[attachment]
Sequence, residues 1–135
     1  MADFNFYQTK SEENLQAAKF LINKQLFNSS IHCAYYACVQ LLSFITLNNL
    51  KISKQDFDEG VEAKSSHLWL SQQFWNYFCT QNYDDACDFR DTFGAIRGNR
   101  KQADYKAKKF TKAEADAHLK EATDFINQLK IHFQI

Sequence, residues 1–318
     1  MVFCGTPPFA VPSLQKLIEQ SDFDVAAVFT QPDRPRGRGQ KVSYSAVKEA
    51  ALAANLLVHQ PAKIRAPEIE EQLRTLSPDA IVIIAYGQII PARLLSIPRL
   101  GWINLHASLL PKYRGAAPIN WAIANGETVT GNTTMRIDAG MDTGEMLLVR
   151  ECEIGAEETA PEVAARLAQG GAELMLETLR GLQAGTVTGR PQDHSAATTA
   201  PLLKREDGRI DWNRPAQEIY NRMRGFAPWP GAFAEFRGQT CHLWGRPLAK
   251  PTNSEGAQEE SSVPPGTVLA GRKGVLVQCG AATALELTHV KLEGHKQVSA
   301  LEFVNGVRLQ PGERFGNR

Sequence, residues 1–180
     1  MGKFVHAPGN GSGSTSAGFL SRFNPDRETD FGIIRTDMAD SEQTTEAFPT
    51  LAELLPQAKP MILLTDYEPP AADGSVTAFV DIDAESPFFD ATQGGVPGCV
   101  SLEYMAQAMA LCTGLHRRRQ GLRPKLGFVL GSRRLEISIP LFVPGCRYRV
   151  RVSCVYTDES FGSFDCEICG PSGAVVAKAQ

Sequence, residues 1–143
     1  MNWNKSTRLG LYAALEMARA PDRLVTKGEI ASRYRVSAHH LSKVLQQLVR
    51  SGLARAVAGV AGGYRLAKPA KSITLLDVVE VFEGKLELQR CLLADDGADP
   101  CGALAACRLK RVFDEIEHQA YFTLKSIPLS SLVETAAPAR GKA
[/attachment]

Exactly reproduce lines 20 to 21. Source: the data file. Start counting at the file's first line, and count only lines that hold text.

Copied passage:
    51  SGLARAVAGV AGGYRLAKPA KSITLLDVVE VFEGKLELQR CLLADDGADP
   101  CGALAACRLK RVFDEIEHQA YFTLKSIPLS SLVETAAPAR GKA